A specific file on our production servers is being modified at apparently random times which do not appear to correlate with any log activity. We can't figure out what program is doing it, and there are many suspects. How can I find the culprit?

It is always the same file, at the same path, but on different servers and at different times. The boxes are managed by puppet, but the puppet logs show no activity at the time the file is modified.

What kernel hook, tool, or technique could help us find what process is modifying this file?

lsof is unsuitible for this, because the file is being opened, modified and closed very quickly. Any solution that relies upon polling (such as running lsof often) is no good.

  • OS: Debian testing
  • Kernels: Linux, 2.6.32 through 3.9, both 32 and 64-bit.
  • 6
    – goldilocks
    Nov 6, 2013 at 13:37
  • @goldilocks I'd give this the checkmark, if it were an answer Nov 6, 2013 at 15:06
  • Hopefully someone comes along who can write one then, lol. I'm aware of auditd and that looks like a decent introduction, so it seemed a good suggestion -- but I haven't made use of it myself, so I'm not really qualified to elaborate.
    – goldilocks
    Nov 6, 2013 at 15:10

4 Answers 4


You can use auditd and add a rule for that file to be watched:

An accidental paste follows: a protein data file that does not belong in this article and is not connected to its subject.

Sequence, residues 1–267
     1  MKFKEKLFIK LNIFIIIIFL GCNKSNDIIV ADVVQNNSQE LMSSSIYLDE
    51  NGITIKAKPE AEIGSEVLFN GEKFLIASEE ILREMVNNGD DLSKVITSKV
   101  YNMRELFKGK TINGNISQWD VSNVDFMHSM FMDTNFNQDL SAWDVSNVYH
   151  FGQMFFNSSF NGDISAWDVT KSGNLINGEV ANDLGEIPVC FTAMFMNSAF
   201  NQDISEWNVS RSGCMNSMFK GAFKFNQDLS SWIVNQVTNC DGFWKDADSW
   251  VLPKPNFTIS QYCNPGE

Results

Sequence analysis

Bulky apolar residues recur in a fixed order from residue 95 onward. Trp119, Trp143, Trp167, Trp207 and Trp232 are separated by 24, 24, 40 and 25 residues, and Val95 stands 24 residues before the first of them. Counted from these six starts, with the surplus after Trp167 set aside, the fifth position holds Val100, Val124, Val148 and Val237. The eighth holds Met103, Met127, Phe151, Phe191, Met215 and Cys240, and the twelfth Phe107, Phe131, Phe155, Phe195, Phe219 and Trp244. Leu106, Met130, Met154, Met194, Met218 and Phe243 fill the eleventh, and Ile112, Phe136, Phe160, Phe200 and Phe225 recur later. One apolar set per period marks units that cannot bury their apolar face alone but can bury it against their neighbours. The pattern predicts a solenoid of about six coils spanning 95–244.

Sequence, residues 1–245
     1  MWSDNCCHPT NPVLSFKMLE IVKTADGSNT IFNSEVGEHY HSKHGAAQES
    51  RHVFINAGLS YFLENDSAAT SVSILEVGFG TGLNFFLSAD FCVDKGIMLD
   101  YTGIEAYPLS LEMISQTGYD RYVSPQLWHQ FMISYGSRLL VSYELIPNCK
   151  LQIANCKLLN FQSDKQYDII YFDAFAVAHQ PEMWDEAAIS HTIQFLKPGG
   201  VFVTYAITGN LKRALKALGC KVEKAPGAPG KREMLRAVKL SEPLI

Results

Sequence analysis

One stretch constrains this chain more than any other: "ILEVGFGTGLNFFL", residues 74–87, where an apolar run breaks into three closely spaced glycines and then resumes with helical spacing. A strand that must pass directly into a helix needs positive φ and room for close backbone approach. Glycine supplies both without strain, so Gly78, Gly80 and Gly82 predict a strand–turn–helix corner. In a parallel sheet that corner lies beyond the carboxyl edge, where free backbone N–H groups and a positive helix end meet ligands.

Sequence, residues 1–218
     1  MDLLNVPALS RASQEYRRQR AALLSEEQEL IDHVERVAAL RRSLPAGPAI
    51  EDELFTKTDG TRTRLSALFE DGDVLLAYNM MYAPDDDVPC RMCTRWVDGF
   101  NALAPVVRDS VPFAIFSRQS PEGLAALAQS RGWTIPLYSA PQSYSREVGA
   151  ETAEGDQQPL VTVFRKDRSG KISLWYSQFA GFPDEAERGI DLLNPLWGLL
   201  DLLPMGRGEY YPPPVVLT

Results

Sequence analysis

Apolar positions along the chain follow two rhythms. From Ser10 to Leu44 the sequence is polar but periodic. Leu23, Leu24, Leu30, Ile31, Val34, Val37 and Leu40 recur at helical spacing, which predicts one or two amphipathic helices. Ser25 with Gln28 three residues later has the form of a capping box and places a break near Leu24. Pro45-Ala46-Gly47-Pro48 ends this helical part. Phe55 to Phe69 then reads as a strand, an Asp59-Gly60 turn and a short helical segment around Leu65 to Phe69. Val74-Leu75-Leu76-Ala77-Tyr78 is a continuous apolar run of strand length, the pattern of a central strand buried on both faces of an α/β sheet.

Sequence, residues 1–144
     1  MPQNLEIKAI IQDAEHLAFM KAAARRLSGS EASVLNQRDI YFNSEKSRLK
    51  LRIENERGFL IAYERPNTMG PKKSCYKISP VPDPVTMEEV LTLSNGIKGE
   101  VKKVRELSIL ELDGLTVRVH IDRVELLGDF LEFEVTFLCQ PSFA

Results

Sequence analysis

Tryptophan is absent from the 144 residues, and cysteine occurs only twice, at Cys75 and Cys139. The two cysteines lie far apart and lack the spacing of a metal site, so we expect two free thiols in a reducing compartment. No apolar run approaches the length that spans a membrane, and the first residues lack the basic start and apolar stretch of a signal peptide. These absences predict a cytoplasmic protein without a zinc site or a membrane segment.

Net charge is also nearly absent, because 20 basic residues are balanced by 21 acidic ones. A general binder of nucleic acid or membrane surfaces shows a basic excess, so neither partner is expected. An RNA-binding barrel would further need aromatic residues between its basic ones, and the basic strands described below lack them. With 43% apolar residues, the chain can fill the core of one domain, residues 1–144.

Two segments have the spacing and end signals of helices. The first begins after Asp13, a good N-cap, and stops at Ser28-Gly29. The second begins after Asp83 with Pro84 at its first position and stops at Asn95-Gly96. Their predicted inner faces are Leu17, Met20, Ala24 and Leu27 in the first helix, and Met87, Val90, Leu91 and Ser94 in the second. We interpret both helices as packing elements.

auditctl -w /path/to/that/file -p wa

Then watch for entries to be written to /var/log/audit/audit.log.

  • 2
    +1 (again!). That is much better than using "lsof", which would need to catch the exact moment the modification occurs (very unlikely). You can have mode details in the top answer on this unix.se post, which mentions the use of monitoring facilities such as "auditctl", and how to set them up and use them. That is probably the safest way to ensure you know what happen(s)(ed)! Nov 6, 2013 at 16:59
  • This was very easy to set up, and quickly found the process that was modifying the file. Nov 7, 2013 at 12:52
  • 3
    To install: apt install auditd Jan 15, 2017 at 17:51
  • how do we remove the auditctl on the fle ?
    – Siddharth
    Dec 8, 2018 at 7:45
  • 1
    Complementing this answer, auditctl -a always,exit -F dir=/path/to/that/file -F perm=wa -F uid!=<whitelisted_userid> -k mykey where it will ignore changes made my <whitelisted_userid> Dec 16, 2020 at 11:07

in case the program(s) you are looking for still have the file opened, you can use the following:

 sudo lsof /path/to/file/being/modified

you could also call this in a small loop, suing the following script getfileusers.sh:



 while true; do
    lsof "${FILE}"
 done > /tmp/fileusers.log

and then call it:

 sudo ./getfileusers.sh /path/to/file/being/modified

and eventually inspect /tmp/fileusers.log to see who touched the file...

  • I'm tempted to -1... the loop will be very heavy on CPU load (especially as it invoke "true" on each passage, and then "lsof"), and still have a great chance of missing the time the modification occurs [unless it's long enough, which is not always the case]! See StephaneChazelas answer for a much better solution, with more chance to actually catch the event(s). Nov 6, 2013 at 17:00
  • this was helpful
    – vsingh
    Nov 19, 2023 at 0:21

SystemTap can do this, using the inodewatch script .


If you can catch it in the act, that is if the file is being accessed at the moment, you can find the process by running lsof:

$ while :; do echo foo >> bar.txt; done &
$ sudo lsof bar.txt
bash    25723 terdon    1u   REG    8,6  5015796 16647496 bar.txt

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